Samsung is expected to launch its Galaxy S20 range in the first half of 2020. The first rumors are already out.
As every year, Samsung will be the first to draw its spearhead. After the Galaxy S10 in 2019, we should have a Galaxy S11 in 2020 – or a Galaxy S20 since the name should change. It will be made official at an Unpacked event scheduled for February 11th.
Rumours about the Galaxy S20 will intensify in the coming weeks and have already started. We take stock of what we already know about the smartphone that will launch Samsung’s 2020 year.
With less than a week to go before its presentation, we already know all about the Galaxy S20. And it is not Samsung’s own leak, captured by WinFuture on February 4th, that will sow doubt in our minds. Some official images would have appeared on a European online store. They concern a hull and confirm, once again, the design of the smartphone (hole at the front centered and imposing photo module at the back, arranged in a rectangle).
Samsung leak from the Galaxy S20 // Source : WinFuture
Samsung leak from the Galaxy S20 // Source : WinFuture
Little by little, the portrait of the Galaxy S20 is being built. We will update these paragraphs to provide a quick summary of the latest rumours about the product.
Will Samsung change a winning team? It didn’t go well, according to renderings released by OnLeaks (via 91Mobiles on November 22). You can see a smartphone with a slightly curved AMOLED display, pierced at the top center to make room for the selfie sensor (as in Note 10). Like the S10, the Galaxy S11 would be available in three versions: S11e (6.3 or 6.4 inches), S11 (6.7 inches) and S11+ (6.9 inches).
At the back, there is a photo device articulated around a quintuple sensor set in a protruding rectangle. This is different from the square of the iPhone 11 and Google’s Pixel 4, but the spirit is similar with a grouping in the top left corner.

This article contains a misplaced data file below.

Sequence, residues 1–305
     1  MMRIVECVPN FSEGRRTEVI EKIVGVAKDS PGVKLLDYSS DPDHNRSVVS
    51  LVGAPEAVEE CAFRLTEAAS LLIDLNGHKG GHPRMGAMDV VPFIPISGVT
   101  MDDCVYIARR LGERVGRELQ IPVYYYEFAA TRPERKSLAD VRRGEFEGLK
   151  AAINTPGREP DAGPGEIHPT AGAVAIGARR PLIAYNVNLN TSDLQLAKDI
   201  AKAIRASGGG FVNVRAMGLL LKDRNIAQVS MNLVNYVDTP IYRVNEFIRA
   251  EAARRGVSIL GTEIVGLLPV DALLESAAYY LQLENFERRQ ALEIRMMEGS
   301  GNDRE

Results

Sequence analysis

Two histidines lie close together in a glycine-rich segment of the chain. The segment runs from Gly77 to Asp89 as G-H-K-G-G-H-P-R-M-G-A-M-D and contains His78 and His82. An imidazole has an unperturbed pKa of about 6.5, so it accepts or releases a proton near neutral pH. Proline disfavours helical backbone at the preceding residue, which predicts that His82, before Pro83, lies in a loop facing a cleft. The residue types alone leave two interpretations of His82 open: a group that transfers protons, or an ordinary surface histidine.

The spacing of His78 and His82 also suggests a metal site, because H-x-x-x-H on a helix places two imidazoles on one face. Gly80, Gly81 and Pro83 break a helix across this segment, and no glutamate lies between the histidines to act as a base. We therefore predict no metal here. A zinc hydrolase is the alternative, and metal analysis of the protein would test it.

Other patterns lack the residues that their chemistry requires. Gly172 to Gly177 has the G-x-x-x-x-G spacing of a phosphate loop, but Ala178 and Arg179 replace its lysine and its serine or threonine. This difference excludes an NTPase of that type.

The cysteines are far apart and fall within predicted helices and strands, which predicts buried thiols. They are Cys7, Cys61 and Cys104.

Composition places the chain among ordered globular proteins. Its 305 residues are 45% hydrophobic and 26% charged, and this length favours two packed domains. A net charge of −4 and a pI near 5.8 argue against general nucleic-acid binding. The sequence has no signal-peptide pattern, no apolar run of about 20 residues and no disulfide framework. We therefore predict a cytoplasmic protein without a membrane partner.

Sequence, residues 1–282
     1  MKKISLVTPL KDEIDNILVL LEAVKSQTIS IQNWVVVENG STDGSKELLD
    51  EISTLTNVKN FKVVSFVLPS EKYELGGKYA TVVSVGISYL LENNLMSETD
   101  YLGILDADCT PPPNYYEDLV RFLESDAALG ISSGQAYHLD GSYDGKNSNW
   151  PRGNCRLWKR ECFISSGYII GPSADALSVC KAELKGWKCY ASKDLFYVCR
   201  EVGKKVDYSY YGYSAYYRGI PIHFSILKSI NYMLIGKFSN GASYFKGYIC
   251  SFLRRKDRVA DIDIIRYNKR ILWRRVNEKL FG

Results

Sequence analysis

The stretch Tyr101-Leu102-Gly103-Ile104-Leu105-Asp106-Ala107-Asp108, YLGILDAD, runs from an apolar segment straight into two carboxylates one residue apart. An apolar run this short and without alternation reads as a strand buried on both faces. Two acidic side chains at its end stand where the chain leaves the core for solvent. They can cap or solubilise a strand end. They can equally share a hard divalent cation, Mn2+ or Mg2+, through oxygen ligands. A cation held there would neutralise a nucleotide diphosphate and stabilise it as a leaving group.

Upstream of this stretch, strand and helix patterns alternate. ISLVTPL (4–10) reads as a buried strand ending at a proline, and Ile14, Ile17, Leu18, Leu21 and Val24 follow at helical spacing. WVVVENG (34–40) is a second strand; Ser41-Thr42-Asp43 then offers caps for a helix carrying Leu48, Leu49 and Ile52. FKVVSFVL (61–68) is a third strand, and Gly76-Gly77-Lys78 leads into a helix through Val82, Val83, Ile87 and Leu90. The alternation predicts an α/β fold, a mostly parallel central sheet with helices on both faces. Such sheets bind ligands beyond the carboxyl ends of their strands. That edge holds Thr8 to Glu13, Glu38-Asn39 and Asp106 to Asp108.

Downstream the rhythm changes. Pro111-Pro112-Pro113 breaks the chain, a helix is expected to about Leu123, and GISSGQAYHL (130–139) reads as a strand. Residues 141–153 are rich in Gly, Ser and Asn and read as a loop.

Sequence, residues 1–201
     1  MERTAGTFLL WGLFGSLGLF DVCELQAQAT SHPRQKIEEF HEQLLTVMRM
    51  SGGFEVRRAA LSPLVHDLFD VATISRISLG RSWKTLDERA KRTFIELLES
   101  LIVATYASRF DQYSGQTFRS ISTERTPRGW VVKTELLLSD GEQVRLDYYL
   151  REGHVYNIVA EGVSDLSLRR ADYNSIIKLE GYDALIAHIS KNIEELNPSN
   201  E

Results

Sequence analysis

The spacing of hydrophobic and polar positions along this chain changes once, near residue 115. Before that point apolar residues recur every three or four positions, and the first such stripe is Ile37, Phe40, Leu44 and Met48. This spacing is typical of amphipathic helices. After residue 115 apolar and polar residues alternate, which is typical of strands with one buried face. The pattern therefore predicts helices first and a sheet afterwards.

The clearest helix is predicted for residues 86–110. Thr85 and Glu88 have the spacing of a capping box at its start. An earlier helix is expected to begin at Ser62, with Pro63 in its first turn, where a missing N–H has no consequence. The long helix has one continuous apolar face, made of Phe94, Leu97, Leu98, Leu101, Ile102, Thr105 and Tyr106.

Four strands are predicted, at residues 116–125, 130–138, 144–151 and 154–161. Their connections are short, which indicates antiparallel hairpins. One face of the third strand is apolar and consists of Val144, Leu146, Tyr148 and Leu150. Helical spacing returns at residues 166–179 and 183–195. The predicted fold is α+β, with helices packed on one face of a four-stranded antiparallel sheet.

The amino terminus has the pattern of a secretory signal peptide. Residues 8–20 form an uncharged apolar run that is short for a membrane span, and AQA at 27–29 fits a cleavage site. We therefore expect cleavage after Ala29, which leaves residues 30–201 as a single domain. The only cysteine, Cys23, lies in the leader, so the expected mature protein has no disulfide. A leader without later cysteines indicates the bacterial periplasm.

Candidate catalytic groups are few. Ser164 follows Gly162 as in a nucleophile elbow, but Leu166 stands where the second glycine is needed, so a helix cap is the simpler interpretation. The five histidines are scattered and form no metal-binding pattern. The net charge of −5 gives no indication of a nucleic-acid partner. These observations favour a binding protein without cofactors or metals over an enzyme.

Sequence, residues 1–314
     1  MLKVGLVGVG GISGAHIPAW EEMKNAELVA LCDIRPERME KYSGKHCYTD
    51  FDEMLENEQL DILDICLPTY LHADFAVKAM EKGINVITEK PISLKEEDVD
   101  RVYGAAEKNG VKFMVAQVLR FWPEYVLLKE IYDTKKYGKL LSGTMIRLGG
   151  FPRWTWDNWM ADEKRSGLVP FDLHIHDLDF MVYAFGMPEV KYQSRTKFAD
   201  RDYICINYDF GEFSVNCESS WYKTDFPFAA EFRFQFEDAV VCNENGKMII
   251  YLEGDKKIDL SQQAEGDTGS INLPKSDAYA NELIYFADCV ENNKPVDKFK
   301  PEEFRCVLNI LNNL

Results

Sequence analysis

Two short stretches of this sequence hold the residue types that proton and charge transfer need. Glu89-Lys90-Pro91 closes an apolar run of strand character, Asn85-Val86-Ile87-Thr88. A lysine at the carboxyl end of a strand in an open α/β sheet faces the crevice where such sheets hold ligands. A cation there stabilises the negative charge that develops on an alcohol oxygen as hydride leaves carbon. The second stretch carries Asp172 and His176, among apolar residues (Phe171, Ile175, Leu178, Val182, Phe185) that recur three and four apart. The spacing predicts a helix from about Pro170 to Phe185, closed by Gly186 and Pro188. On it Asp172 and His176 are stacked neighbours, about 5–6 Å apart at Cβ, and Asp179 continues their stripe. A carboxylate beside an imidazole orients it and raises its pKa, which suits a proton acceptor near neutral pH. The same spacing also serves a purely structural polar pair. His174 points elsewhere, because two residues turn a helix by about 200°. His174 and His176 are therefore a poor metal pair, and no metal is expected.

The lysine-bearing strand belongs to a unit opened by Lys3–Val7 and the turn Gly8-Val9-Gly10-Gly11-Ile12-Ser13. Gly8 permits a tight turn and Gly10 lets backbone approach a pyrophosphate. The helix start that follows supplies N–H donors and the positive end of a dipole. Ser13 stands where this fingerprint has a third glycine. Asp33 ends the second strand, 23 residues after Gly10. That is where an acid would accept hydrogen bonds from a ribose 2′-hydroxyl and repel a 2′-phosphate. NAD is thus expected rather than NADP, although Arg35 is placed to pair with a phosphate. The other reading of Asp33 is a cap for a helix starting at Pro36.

Samsung has already unveiled its future state-of-the-art mobile processor, the Exynos 990, in a press release issued on October 24, 2019. Engraved in 7 nm, it is more efficient than its predecessor (+20%), can support a 108 megapixel photo sensor and is capable of powering a 120 Hz screen (for better visual comfort thanks to a better fluidity of the whole).
Samsung Exynos 990 processor // Source : Samsung
This 120 Hz screen and 108 megapixel sensor could therefore be found on the S11 range, at least on the most expensive models.
In short, don’t worry too much about the performance of the Galaxy S11 range, which would still rely on an on-screen fingerprint sensor for unlocking.
Samsung has partnered with Xiaomi to develop a 108-megapixel photo sensor, announced last August. There is every reason to believe that it will be integrated into the high-end phones of 2020, which materialized in a huge leap forward from the S10’s 12-megapixel sensor. In addition to the phone’s rendering, 91mobiles specifies that the following features could be integrated: x5 optical zoom, technology similar to Deep Fusion (improved low-light shots) or 8K recorded videos. A final rumour also evokes an ultra wide-angle and time-of-flight sensor to better manage depth of field.